Among great men, Claude Bernard should be counted fortunate in that he has not become a mythical figure. Pasteur's discoveries are hardly more remarkable, though their immediate influence has been much greater, and his horizon was incontestably less broad. But Bernard remains a plain man, highly distinguished, but not obscured by the growth of a legend. His physiological researches may have immortalized his name, but Experimental Medicine never exerted the influence which it promised. What Bernard saw as the future of physiology remained for decades obscured, so his writings were only half understood. His influence, however, was exerted far beyond medicine.

Stewart Wolf suggests that Claude Bernard's genius in physiological experimentation is similar to the extraordinary Sherlock Holmes' capacity to solve crimes and William Osler's uncanny abilities in clinical diagnosis. Like both of those creative searchers, Claude Bernard typically focused on findings that did not accord with prevailing theory. His curiosity led him to attempt to explain the finding by a tentative hypothesis; he would then devise an experiment. Although he sought for a quantitative result that might serve as a basis of a theory, he had little confidence in statistics as a guide to certainty. Bernard's opposition scientists' prevailing habit of segregating their inquiries into systems rather than studying the unified organism is particularly striking. This volume will be important for those in the medical field as well as those interested in the history of science.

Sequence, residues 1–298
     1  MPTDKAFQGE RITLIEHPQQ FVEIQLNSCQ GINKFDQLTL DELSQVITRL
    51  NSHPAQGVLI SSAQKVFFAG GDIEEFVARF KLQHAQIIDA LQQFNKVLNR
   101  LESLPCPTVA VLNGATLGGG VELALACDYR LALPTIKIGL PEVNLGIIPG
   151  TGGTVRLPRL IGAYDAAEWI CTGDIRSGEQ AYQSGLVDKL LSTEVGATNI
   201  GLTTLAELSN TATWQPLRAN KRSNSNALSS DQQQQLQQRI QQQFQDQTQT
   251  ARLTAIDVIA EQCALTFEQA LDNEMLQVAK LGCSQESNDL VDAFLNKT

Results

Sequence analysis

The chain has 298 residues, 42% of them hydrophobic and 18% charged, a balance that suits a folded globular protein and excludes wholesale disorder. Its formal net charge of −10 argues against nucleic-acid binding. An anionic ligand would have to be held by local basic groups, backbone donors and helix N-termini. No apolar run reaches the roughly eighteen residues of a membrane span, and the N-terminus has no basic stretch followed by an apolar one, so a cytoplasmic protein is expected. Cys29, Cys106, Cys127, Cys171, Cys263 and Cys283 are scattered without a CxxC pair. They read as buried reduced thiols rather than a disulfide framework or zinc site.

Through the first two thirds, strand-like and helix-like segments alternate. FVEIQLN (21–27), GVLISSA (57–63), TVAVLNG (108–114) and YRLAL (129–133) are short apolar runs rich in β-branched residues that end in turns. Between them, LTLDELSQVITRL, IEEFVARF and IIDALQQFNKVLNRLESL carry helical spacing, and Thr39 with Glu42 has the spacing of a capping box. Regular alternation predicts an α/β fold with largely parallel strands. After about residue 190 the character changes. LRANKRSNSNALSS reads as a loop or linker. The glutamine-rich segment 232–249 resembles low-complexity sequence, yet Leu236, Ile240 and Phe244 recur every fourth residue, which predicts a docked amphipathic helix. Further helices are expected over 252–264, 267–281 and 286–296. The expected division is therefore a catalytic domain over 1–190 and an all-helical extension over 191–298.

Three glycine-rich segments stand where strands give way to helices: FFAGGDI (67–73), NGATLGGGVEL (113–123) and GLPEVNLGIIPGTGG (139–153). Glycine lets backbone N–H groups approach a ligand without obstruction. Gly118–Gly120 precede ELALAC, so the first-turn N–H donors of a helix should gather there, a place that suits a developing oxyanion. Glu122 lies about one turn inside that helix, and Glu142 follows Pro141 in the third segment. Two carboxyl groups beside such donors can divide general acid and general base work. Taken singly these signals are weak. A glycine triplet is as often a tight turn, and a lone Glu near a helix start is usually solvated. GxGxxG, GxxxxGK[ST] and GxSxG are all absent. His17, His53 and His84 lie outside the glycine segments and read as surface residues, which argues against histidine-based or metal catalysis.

©2019 GoogleSite Terms of ServicePrivacyDevelopersArtistsAbout Google|Location: United StatesLanguage: English (United States)
By purchasing this item, you are transacting with Google Payments and agreeing to the Google Payments Terms of Service and Privacy Notice.